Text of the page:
Cigartin sized Computing!

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A Little History:

Richard Brooksby has long had the idea for putting a computer in a standard-sized tobacco tin (about 120mm x 80mm x 20mm), with a connector (Ethernet, telephone, serial, or something else) on one or both ends. This is an esthetically-motivated project; simply having a small computer is insufficient; the computer has to live in an interesting enclosure. Think steam-punk. The hacker esthetic dictates that the computer be useful, of course, as (say) a server or network component of some sort.

Richard discussed this with Nick Barnes several times in early 1998. Some variations were discussed: solar power, parasitic power from a telephone line, piezo power from motion for a wearable device, a tiny LCD display similar to those found in mobile phones, digital cameras, etc.

The embedded systems manufacturers make a variety of computers which fit into small enclosures. There is a trend towards PC compatibility, which suits us because our inclination would be to run FreeBSD or a similar open-source PC operating system.

Of course, these days 200cc is pretty damn huge. Then Nick found a discarded cigar tin in CB1, a cafe which serves as a secondary office for Ravenbrook. This is around a quarter the volume (88mm x 83mm x 8mm) of a regular tobacco tin, and is a much more satisfactory challenge.

Then on 1999-01-26 Nick saw a reference to on Slashdot. And suddenly looks very plausible indeed...

Nick B


First, a little background. My original idea was to build a computer in a tobacco tin (not a cigar tin, which would be long and cylindrical). A tobacco tin for cigarette tobacco (e.g. "Old Holborn", which my Grandad used to smoke) is about 60mm by 40mm by 20mm. Originally I was going to get a low-power Z80 or 6502 type processor with some built in RAM and a UART and build something which was parasitic on the RS232 connector that would be on one end.

As time went on and technology got smaller the idea was refined and I thought of having a Unix host. These days it seems pretty easy and I think the challenge has gone out of the problem. Perhaps we could investigate a Unix host in a sygnet ring, or something.

I went to the first meeting of the Chicago FreeBSD Users' Group. Two other people were there. Jeremy McMillan was thinking of setting up a virtual private network running IPv6, in order to gain experience with the new networking standards. I'm quite interested in getting a really secure (and wire-tap proof) network going somehow.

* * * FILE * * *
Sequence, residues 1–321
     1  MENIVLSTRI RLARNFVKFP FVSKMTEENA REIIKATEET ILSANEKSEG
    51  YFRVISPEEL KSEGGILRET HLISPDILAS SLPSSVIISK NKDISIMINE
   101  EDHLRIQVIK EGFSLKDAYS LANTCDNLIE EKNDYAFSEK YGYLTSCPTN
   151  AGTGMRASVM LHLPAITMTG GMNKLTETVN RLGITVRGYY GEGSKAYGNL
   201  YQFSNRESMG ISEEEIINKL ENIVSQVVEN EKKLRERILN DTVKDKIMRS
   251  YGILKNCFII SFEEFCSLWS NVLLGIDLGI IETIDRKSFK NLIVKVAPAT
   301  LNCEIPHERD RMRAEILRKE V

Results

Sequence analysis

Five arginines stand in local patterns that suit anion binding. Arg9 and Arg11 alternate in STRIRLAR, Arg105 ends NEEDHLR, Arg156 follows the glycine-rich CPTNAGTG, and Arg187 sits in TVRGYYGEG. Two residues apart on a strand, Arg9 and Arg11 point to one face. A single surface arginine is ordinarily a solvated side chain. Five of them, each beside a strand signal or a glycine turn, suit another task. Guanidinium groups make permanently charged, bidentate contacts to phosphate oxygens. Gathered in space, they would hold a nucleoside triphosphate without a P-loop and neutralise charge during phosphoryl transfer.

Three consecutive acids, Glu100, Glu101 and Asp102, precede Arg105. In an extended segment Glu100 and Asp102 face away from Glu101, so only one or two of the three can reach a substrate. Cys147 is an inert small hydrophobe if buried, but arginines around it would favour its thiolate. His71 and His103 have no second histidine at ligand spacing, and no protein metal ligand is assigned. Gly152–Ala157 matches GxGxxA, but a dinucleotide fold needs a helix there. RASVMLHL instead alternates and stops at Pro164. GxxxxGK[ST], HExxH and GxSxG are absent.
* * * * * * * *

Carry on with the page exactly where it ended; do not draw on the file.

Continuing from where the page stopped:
Nick's original email:

The enclosure is 79 x 86 x 8 mm, with 6mm-radius rounded corners.

JUMPtec's DIMM-PC is 40 x 68 mm, unknown thickness, and includes a 486/66 with 16 MB, a 16MB flash drive, and various controllers. The wearable computer is served from one running Linux.

Alternatively there's NETsilicon's NET+ARM, but much of the value of that is in the RTOS which is probably not what we would want on cigartin.

IBM's "microdrive" hard disks are 340 MB in a CompactFlash Type II slot, 48.2 x 36.4 x 5 mm.

So a DIMM-PC and a Microdrive would fit in the tin (assuming the DIMM-PC is thin enough), then all we would need is the sockets: 5V in, a couple of UTPs for Ethernet, and a serial port. They will fit in the remaining space, no trouble, making a fully capable Linux or FreeBSD based firewall / router.

Incidentally, Richard, does your digital camera take CompactFlash Type I or Type II? I got the impression that it was about 3 mm thick, in which case that's Type I.

Nick B

Nick's followup

... including SMTP/POP3/DHCP/DNS/HTTP/FTP server. The CPU and memory on one of these DIMM-PCs is equivalent to

In other words, one of these is sufficient to be a complete small-company corporate network server.

A bunch of alternative configurations:

Nick B

David Jones: On wearables:

The contender above, which was up and running on 1/22/99, is only slightly higher and wider than a box of matches but is one third the thickness, measuring 2.7" by 1.7" by .25" for a volume of about a cubic inch, less than a tenth the size of the previous record holder. This record too will fall in due course, let's see how long it takes.

The inches convert as: 69 x 43 x 6 mm +- 1mm or so for the conversions from inches to mm.

Concerning heat dissipation the 2W that a DIMM-PC takes shouldn't be a problem, but a couple of ethernet transceivers will push that up quite a lot I would've thought. It might run quite warm.


David Jones again

It struck me that the PC-DIMM might score very highly in terms of computer power per unit volume.


What's the densest form of compute power? In terms of computer power per unit volume. SPECint95/cc.

Really the interest is in stock solutions. Using stock mounting, cabinets, power supplies, interconnect, and CPU boards, what's the largest amount of compute power I can fit into a cupboard (or whatever).

Is it just thousands of PC-DIMMs glued onto a ribbon cable or am I better off going for rack mounting SparcServers or something?


Nick's followup

I suspect a NETsilicon NET+ARM solution running Beowulf might do OK: that way you get the networking on-chip.

Someone in the Beowulf community is making lots of multi-ARM PCI boards, with ARM+memory on a daughterboard, and disk controller on another daughter board. I think it was 32 StrongARMs per PCI slot, but that might be a bogon.